Do you have any advice for fellow farmers?

Just because you have a new piece of equipment don’t go balls to the walls with it, and baby it a little bit. Show the equipment the respect and care it needs, and it will be good to you. Your equipment will be good to you if you’re good to it.

Anything to say to those who aren’t farmers?

We are a little rough around the edges sometimes, I guess, but I know I’d give the shirt off my back for someone, anybody.

What would you like people who’ve NEVER farmed to know about farming?

Farming is probably the purest way to get into nature. That’s all you’re around. You have a lot of time to introspect yourself and analyze what you want to do to better your life. It’s that kind of thing... And it’s like you’re on a deserted island half the time, without a phone signal. I’m cut off from the world the whole day — I feel like I’ve been thrown back into the ‘50s sometimes.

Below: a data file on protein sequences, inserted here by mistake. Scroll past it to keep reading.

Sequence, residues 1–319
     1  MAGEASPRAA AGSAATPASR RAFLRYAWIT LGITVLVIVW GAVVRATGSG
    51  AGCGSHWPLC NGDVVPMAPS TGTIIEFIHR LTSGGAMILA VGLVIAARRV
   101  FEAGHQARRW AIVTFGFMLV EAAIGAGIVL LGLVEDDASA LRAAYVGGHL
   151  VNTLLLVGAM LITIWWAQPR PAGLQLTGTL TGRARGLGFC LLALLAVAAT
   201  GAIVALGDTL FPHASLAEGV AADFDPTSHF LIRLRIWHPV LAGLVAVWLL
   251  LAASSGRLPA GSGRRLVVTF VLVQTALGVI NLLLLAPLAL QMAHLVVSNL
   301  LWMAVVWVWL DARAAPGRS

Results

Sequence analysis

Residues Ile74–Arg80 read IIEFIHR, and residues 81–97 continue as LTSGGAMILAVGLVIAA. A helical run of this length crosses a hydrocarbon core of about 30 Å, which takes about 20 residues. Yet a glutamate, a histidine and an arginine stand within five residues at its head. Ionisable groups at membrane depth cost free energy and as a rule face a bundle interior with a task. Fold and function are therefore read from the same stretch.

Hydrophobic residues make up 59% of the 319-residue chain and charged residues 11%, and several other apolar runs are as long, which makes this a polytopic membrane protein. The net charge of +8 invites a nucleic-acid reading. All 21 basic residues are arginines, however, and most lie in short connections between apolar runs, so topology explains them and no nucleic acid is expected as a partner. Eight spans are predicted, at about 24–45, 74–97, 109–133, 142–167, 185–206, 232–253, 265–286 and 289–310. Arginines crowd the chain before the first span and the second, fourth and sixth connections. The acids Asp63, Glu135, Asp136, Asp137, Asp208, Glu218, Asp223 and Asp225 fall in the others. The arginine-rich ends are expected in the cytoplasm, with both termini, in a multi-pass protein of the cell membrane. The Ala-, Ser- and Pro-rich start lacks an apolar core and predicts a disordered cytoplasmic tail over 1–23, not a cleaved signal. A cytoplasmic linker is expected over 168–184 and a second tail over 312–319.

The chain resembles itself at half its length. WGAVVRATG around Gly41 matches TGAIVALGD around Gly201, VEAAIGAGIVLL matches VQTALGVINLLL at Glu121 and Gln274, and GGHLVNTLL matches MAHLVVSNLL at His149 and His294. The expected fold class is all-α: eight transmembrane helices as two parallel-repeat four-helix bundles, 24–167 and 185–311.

Where do you think you'll be in 5 or 10 years?

I have loved farming — and always will — but I’ve also had a dream to become a probations officer, state trooper, or maybe work at a federal prison, anything in the federal branch, but I will still be working on the farm as well. Farming will be my fallback, as I am used to it and know my way around it. But I have always been passionate about pursuing criminal justice. My stepdad, in fact, has been adamant about me finishing school, otherwise I probably would have focused on farming. But I plan to farm as long as I can, I really do love it.